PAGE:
Insulin resistance in type 1 diabetes

By Nicole McClure
RN, Credentialled Diabetes Educator

Can people with type 1 diabetes develop insulin resistance? While it is widely known that insulin resistance is a central feature of type 2 diabetes and pre-diabetes, it is less well known that it can also affect people living with type 1.

The term ‘double diabetes’ was coined in 2001, and describes people with type 1 diabetes autoantibodies who also develop insulin resistance.

The normal action of the hormone insulin helps manage blood glucose levels by moving glucose from the blood into muscles, fat cells, and the liver to be used for energy.

When you are insulin resistant, the body has built up a tolerance to the actions of insulin, and insulin is less effective in doing its job. As a result, more insulin may be required to coax the cells and liver to take up the glucose from the blood.

Insulin resistance is what contributes to the increased insulin requirements usually seen in people with type 1 diabetes during puberty, pregnancy and periods of illness.

Insulin resistance is also linked with:

  • Carrying extra weight (especially around the waist)
  • Not enough physical activity (sedentary lifestyle)
  • Family history of type 2 diabetes
  • Certain ethnic groups (eg South East Asian, Indian, North African, Aboriginal & Torres Strait Islanders, Maori, and Polynesian)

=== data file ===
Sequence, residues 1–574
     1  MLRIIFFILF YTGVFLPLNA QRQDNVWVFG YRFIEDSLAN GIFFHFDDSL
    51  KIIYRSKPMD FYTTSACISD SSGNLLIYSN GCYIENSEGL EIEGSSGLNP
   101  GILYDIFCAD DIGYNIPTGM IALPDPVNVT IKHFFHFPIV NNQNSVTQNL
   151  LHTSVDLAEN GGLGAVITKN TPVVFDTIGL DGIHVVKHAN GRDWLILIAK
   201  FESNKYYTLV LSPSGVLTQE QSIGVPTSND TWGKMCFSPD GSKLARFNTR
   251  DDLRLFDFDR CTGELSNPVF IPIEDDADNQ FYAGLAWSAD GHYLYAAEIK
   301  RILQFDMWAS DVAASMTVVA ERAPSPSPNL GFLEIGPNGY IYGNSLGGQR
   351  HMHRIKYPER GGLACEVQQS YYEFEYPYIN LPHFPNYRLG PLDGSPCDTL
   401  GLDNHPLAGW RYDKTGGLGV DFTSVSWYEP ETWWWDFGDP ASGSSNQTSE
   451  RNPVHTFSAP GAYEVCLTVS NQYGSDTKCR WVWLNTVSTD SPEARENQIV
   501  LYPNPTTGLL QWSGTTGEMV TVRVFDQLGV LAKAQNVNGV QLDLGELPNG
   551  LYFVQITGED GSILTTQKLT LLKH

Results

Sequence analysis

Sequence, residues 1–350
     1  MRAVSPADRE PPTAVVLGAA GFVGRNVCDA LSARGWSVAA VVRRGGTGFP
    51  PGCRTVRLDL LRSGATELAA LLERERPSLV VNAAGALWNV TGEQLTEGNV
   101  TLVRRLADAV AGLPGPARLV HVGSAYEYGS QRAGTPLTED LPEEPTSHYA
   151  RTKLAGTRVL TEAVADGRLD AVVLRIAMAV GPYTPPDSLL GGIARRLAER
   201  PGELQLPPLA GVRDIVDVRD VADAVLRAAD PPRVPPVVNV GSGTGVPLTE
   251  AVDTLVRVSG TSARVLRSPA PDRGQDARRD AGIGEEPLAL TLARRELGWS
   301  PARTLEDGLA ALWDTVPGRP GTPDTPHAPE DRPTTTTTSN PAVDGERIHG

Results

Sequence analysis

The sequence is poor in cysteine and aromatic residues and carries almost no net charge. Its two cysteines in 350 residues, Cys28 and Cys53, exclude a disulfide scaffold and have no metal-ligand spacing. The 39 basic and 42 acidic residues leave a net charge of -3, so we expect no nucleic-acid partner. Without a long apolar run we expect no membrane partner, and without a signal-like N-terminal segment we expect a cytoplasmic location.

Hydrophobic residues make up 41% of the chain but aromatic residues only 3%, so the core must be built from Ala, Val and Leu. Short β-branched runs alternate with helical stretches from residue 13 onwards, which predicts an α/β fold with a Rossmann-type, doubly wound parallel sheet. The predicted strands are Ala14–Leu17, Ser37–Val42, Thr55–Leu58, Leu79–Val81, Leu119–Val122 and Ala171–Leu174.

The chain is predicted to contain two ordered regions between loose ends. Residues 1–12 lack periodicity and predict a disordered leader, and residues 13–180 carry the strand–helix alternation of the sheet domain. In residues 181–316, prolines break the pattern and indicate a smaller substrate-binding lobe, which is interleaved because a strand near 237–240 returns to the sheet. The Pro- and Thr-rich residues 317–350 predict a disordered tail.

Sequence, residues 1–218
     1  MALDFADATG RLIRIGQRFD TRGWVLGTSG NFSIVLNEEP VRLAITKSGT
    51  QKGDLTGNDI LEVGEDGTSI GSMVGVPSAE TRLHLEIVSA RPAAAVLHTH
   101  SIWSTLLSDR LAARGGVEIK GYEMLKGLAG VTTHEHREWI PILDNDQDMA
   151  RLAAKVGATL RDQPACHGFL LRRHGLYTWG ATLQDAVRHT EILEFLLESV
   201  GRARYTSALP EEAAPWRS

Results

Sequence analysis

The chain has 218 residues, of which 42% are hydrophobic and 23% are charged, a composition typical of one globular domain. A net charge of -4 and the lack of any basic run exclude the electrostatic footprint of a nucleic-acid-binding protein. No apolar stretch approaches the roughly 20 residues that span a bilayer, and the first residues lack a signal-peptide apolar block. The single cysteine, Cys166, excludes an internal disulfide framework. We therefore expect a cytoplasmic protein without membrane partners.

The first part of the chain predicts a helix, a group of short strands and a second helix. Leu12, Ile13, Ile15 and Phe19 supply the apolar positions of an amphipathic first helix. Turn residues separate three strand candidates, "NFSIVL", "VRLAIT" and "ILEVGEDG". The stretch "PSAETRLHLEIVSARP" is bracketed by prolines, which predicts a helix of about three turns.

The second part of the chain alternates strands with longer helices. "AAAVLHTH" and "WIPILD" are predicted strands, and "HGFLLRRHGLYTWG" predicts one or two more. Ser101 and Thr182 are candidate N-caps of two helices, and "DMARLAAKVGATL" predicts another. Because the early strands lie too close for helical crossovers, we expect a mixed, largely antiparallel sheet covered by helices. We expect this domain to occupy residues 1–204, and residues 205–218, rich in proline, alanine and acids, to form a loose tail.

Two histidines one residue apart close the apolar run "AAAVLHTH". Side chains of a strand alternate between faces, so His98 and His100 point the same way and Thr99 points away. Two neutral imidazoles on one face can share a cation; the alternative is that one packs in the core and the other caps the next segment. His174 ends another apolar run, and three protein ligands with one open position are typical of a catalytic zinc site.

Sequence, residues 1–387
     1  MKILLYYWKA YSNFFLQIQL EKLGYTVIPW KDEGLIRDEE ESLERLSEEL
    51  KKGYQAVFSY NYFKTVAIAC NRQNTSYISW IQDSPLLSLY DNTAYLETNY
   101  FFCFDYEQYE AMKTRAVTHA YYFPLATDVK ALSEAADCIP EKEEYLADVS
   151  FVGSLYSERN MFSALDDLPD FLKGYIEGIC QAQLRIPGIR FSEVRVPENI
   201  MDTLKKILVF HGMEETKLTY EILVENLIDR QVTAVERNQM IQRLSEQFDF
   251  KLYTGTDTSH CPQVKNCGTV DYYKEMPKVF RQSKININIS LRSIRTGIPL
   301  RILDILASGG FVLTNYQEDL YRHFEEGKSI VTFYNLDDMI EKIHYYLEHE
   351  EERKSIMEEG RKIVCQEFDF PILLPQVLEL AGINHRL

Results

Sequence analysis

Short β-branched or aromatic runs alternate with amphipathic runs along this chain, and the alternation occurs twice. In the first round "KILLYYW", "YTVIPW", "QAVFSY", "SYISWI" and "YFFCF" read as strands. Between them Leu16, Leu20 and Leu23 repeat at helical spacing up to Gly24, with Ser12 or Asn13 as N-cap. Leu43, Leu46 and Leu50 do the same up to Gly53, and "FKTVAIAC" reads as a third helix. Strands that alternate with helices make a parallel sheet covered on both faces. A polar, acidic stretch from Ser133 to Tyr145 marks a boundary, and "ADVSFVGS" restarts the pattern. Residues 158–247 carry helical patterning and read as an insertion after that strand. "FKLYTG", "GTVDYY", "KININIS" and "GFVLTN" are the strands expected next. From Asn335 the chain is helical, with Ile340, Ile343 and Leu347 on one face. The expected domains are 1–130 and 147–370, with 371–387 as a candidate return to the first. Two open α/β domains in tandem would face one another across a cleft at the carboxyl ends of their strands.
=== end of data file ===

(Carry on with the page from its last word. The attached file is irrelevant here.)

• Getting older
  • Polycystic ovarian syndrome (PCOS)
  • Certain medications (e.g. steroids)

Intensive insulin therapy, increasing insulin dose requirements, recurrent hypoglycaemia and excessive snacking may contribute to weight gain and insulin resistance in people with type 1 diabetes.

Now for the good news!

Being more active can make the body more sensitive to insulin in the short and long term.

Regular exercise and resistance training helps build muscle and can open up an alternative pathway for glucose to enter muscle cells without insulin as a mediator.

This reduces the cells’ dependence on insulin for energy, and can improve blood glucose levels.

If you are overweight, losing weight can improve insulin resistance. Weight loss can be achieved by maintaining a healthy diet and regular exercise.

Eating five serves of veggies and two pieces of fruit per day and limiting your intake of processed foods, cakes, biscuits, and fried takeaway foods can help.

If your insulin requirements are increasing despite maintaining a fairly consistent diet you should speak to your doctor or diabetes educator. Insulin resistance may be playing a role.

Insulin resistance makes managing your diabetes more difficult and increases your risk of developing cardiovascular disease.

If you need support to get more active or with healthy eating, an exercise physiologist and dietitian can help.

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